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Encyclopedia of Religion
COPYRIGHT 2005 Thomson Gale
HOSEA , or, in Hebrew, Hosheʿa (mid-eighth century bce), was a Hebrew prophet whose words are recorded in the biblical Book of Hosea. Hosea prophesied during the reign of Jeroboam II of the northern kingdom of Israel (787/6–747/6 bce), which was a period of economic prosperity and political stability.
There are, however, a number of allusions in the book to either war (5:8ff.) or political anarchy (7:1ff., 10:3, 13:10–11), which may suggest that Hosea continued to prophesy until the fall of Samaria in 722. This fits well with the superscription's list of the Judahite kings (Uzziah, Jotham, Ahaz, and Hezekiah) during whose reigns Hosea prophesied.
Hosea's prophetic emphasis is mainly on domestic affairs, especially the cultic situation.
Hosea's Marriage and His Prophetic Message
The information on Hosea's background is minimal. There is information, however, about a unique personal experience in his life, a peculiar marital episode. God had commanded Hosea to marry a harlot, one Gomer, daughter of Diblaim (1:3), who bore him two sons and one daughter.
This marriage and its consequences, interpreted in religio-theological terms, form the major theme of chapters 1–3. The story of the marriage is told twice. The first account (chap. 1) is in the third person, while the second (chap. 3) is reported directly by Hosea.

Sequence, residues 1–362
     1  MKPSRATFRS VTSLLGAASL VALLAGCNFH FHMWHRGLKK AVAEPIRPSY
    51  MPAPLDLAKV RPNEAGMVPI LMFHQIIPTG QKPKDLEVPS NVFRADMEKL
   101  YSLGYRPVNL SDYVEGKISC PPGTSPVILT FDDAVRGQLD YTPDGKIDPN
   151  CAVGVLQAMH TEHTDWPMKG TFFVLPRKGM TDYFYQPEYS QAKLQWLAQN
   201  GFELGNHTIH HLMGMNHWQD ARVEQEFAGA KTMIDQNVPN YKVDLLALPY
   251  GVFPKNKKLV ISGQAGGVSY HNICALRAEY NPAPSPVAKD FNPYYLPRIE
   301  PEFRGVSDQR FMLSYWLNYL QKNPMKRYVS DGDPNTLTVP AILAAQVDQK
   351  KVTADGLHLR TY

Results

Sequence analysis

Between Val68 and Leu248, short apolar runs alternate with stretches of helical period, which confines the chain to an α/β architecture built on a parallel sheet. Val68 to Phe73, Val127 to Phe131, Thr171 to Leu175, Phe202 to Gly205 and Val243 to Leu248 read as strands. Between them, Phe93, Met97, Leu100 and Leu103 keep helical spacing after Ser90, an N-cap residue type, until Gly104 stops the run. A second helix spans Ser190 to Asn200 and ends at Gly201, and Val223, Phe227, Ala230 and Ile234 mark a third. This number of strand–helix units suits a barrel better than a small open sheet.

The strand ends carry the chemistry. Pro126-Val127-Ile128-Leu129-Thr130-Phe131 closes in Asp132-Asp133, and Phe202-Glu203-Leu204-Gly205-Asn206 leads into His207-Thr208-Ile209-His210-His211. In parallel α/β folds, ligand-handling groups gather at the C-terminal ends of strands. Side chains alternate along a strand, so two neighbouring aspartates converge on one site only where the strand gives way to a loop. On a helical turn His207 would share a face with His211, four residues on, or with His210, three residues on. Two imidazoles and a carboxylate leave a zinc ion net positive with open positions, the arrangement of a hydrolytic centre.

The significance of Hosea's marriage to a harlot and the text's repetition of the story of this marriage have been major issues in research on Hosea.Should God's order to “go, take to yourself a wife of harlotry and have children of harlotry” (1:2) be read literally or only as a metaphor for the nation's religious attitude, with Hosea the faithful husband representing God, and Gomer the unfaithful wife representing Israel? Is a “harlot” defined as a professional prostitute or as a sacred prostitute (cf. Amos 2:7)? There are no clear answers to these questions. One should not ignore, however, the prophets' tendency to dramatize events literally (e.g., Is. 20:2, Jer. 28:10, Am. 8:1–3) and therefore the possibility that Hosea married a harlot (professional or sacred) to symbolize the content of his message. The root znh (“harlotry”) appears no fewer than nineteen times in his prophecy, always in key passages. Hosea's personal experience is thus the paradigm of his prophetic message that Israel has betrayed God. The relationship between God and Israel is that between man and woman, husband and wife, where Israel is the unfaithful wife and God the loving and forgiving husband, who calls to his wife to repent and come back to him (see 2:14ff. [Masoretic text 2:16ff.]). The names of Hosea's three children, dictated to him by God, further express his prophetic message. The elder son is called Jezreel because “I will punish the House of Jehu for the blood of Jezreel” (see 1 Kgs. 19:15–17; 2 Kgs. 9–10) and “I will put an end to the kingdom of the house of Israel” (Hos. 1:4). His daughter is named Loʾ-ruḥamah (“not pitied”), “for I will no more have pity on the house of Israel” (1:6), and the younger son is called Loʾ-ʿammi (“not my people”), “for you are not my people and I am not your God” (1:8).